• By advocating for the businesses – large and small – who call Mt. Juliet home.
  • By connecting Chamber members and citizens with the resources they need to be successful.
  • By promoting Chamber members in the community.
  • And by supporting Chamber members with the information they need to start, grow, and operate their businesses.
These are the things your Chamber does every day. These are the items on Mark’s and Anita’s “to-do” list every day. They define the purpose of the Chamber, the reason it exists. But they can’t do it by themselves. They need our help. So, are you ready to contribute your time, talent, and treasure to help make Mt. Juliet better? 

I know you are. How do I know this? 

Because you’re here tonight. Because you’ve given of your time and resources to help those who need it. Because you’ve made Mt. Juliet what it is today. Let’s all continue that work – the process of progress – to make Mt. Juliet even better. Let’s make the next ten years even better than the last ten years.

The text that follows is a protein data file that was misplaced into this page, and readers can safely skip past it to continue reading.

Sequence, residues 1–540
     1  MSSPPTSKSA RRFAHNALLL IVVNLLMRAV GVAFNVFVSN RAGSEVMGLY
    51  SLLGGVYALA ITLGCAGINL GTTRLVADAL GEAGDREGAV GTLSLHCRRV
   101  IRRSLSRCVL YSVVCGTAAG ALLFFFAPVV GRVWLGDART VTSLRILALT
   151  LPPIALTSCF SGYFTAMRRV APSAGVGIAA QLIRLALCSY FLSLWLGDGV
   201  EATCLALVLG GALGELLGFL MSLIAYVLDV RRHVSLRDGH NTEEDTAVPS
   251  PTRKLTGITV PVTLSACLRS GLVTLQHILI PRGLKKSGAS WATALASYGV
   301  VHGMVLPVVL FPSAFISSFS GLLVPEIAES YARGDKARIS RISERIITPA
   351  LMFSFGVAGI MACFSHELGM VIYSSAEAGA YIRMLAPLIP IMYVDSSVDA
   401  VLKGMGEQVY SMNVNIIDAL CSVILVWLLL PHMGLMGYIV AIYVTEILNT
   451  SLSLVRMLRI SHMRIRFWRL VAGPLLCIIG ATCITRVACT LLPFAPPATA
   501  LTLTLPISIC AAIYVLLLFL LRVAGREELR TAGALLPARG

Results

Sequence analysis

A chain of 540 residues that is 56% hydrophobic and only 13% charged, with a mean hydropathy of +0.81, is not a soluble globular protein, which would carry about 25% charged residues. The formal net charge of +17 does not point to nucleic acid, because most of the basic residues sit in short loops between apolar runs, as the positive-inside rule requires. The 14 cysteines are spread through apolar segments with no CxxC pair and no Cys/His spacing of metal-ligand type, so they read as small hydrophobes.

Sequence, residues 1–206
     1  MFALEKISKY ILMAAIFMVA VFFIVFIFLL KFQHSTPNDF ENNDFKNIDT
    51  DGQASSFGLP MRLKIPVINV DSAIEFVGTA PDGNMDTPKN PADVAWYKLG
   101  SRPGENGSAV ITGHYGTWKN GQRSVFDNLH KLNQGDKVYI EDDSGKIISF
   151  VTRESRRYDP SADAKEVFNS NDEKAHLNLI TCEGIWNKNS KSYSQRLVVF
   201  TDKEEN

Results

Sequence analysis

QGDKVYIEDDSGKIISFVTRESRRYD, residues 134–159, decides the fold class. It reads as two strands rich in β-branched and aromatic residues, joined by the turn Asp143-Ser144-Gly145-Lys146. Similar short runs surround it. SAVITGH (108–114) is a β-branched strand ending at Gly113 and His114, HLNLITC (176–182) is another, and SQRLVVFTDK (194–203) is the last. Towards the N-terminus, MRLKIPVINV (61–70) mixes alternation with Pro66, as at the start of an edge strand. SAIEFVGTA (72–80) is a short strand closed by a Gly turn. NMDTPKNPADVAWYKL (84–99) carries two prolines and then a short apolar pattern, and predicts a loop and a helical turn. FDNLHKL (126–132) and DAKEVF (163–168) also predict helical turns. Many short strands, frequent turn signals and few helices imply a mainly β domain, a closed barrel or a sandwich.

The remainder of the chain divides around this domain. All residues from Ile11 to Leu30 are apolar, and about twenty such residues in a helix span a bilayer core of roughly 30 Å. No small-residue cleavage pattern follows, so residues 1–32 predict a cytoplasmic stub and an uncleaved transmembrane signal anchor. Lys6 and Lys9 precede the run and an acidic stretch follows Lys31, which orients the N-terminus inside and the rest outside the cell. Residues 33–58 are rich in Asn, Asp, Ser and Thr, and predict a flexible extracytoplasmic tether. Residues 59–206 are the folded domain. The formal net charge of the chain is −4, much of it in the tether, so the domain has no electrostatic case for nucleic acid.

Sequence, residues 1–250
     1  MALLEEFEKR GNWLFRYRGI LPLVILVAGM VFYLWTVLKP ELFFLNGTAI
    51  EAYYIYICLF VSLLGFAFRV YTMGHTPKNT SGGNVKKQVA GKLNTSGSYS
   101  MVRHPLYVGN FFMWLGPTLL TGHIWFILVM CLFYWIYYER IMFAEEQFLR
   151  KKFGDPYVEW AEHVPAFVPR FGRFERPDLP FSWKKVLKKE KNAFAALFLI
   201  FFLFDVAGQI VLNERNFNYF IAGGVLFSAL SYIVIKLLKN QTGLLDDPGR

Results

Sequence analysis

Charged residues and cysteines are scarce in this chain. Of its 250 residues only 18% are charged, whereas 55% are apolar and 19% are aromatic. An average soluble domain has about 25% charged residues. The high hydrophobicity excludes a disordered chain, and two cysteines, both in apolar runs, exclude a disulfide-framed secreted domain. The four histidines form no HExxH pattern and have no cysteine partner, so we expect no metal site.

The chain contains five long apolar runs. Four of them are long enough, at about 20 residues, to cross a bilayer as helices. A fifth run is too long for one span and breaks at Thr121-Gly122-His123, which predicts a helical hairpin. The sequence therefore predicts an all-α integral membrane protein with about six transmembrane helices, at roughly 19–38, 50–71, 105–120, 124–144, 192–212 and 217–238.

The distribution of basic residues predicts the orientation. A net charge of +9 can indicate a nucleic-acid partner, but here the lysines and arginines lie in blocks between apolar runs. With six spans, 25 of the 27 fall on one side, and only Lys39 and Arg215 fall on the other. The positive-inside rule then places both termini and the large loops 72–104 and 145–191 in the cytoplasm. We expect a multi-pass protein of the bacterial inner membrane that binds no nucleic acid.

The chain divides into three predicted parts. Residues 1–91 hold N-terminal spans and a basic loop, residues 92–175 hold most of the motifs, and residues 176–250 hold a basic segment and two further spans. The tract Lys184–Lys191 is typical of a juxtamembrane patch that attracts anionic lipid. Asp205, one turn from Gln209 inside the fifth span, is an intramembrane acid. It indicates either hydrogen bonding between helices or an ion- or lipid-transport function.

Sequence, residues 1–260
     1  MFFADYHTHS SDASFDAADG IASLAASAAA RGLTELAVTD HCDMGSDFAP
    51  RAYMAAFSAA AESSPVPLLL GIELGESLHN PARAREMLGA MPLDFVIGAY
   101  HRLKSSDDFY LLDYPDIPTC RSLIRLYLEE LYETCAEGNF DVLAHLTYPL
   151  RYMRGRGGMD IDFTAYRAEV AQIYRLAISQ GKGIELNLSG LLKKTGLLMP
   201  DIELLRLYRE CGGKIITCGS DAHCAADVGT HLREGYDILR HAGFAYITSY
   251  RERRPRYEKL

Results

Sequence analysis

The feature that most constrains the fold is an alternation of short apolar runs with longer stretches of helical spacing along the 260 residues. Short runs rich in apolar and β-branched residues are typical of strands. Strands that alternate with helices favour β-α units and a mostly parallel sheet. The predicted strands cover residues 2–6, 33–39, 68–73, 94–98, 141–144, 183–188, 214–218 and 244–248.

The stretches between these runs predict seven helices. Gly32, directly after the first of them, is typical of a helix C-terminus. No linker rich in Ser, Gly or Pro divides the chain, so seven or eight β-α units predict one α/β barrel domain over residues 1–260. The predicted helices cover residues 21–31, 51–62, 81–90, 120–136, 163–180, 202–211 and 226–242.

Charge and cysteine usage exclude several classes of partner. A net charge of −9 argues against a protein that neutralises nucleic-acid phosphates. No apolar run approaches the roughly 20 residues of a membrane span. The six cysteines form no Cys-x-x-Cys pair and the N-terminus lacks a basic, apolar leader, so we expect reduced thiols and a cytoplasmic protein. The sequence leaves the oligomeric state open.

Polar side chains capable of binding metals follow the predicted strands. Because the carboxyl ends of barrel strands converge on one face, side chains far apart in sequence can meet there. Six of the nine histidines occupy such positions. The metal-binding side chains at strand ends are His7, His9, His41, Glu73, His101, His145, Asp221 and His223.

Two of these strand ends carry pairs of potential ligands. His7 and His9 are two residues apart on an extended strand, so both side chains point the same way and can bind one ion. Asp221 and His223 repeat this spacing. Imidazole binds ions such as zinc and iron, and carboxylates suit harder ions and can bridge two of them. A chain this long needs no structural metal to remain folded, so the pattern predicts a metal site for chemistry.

Let’s make it the best ten years ever.
Thank you.
 

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Mt. Juliet Branch Manager Beth Schultze and Girl Scout Troup 1200

Girl Scout Troop 1200 recently visited CedarStone's Mt. Juliet branch to learn about money and banking. The girls learned how to write up a deposit slip, make a deposit, and get a receipt. They got to see behind teller row, where we showed them how money is stored securely, organized, and counted. Branch manager Beth Schultze talked to the girls about the importance of having a bank account. She also showed the girls how machines can detect counterfeit money mixed in with real bills.

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CedarStone Bank Customer Service Representative Addison Rogers works with the scouts on banking documents.

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Kati Barbeau, Robert McDonald, Justin Duncan, Lisa Brown, Naaman Stillwell, and Marilyn Kaczmarski